Interview: Comedian Michael Cruz Kayne Laughs Through Tears in Sorry for Your Loss

Audible presents a new solo show about grief at the Minetta Lane Theatre.

Humor is tragedy plus time, the old adage goes. On the decade anniversary of a loss, Michael Cruz Kayne, a comedian and writer on the Late Show With Stephen Colbert, tweeted about his grief. In response, it received more than 200,000 comments people from around the world. Subsequently, Kayne decided to tell his story in a longer form — more than 140 characters — in order to make people laugh through their tears. The result is Sorry for Your Loss, a moving and hilarious solo show presented by Audible at the Minetta Lane Theatre. Over email, Kayne discussed the development of the piece, and what it’s like to be performing nightly while he’s also on strike with the Writers Guild.

Michael Cruz Kayne wrote and stars in Sorry for Your Loss, directed by Josh Sharp, for Audible Theater at the Minetta Lane Theater.
(© Jeremy Daniel)

How has it been to perform Sorry for Your Loss amid the Writers Guild of America strike that has darkened your gig at Colbert?
It’s weird. The two things should be distinct. I don’t want to be striking; I want to be working. But the powers that be have decided to grossly undercompensate (among other indignities) my union siblings, so we’re on strike. In one way, it has nothing to do with Sorry for Your Loss, but I suppose it’s also true that the strike has freed up my work day (except for the time I spend picketing) so that I can rest and recover between shows. If a strike had to happen — and it didn’t! The AMTPT [Alliance of Motion Picture and Television Producers] forced us to strike — I guess now is a relatively good time for me, personally.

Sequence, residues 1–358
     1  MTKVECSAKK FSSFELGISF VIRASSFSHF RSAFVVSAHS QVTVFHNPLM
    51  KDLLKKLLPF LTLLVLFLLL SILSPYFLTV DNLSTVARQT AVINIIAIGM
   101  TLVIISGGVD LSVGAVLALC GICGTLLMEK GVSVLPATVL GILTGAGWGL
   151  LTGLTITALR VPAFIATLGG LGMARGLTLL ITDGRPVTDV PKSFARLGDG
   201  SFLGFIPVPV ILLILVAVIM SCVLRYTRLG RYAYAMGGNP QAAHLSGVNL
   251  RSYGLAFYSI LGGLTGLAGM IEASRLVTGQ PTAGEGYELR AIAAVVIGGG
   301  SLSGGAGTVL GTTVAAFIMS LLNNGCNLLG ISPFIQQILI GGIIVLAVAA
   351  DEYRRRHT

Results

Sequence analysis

Can you talk a little bit about the development of Sorry for Your Loss as a stage show? Where did it begin, and how long did it take you to hone?
It started just before the pandemic. I had over a decade since the tragedy that inspired the show, and I just started to feel like it was impossible for me to continue avoiding the subject in my writing and standup. The Asian Comedy Festival generously gave me a shot at it when it was hardly ready, and I put it up there. There was no script, just a series of loose talking points and half-formed ideas. I recorded the show, and for every show thereafter I would listen to the previous show’s recording and keep what felt true while discarding what felt unuseful.

So there really wasn’t a script at all until Audible got someone to transcribe what I’d been saying. It was sort of a one-man oral tradition. A director and writer friend of mine, the brilliant Daniel Goldstein, saw a version of the show in a basement in Brooklyn. He believed in it and introduced me to Kate Navin at Audible Theater, who shared his belief. I was lucky to get Josh Sharp to direct it: I knew him from the comedy world and he had done a show years ago about his dead mother that amazed me. I met with lots of incredible theater directors, but it had to be Josh, because he understood the material in a deep way and he was, foremost, impossibly funny.

In addition to Josh, I have a freak squad of genius designers who elevated every single idea I had. One thing Josh and I agreed on from the start was that if we were going to do the show in a theater, we should make it theatrical. To a theatergoer, that might sound obvious, but I had been doing the show with a microphone and a laptop in basements and bars for years. Taking it to another level was a little scary. My tendency is to micromanage, but it became very clear that each of the designers had a vocabulary that drastically exceeded my own. Josh and I basically sat agape any time a new element was shown to us. “Holy shit! You can do that!?”

OK, this answer has been WAY too long so I am abruptly stopping here!

From your experiences performing the show so far both in New York and elsewhere, have you found that audiences are willing to laugh at the idea of grief and “grief industry”?
Yes! The show is deeply sad but also, I hope, very very funny. But it’s ultimately a tribute to the dead, and to ourselves. People who haven’t seen the show sometimes think it’s like The Roast of the Person I Love Who Has Died, and it is definitely not that.

Is there a difference that you’ve discovered in building a traditional standup set versus building a show like this?
Well, I definitely cry less when I’m writing regular standup.

What’s the most meaningful thing you’ve heard from audience members?
It’s hard to pick a “most meaningful” because audiences have been very generous with me, but one thing I love hearing is that the show has helped at least a few people feel more understood, less alone.  I’m lucky to able to do that in whatever little way.

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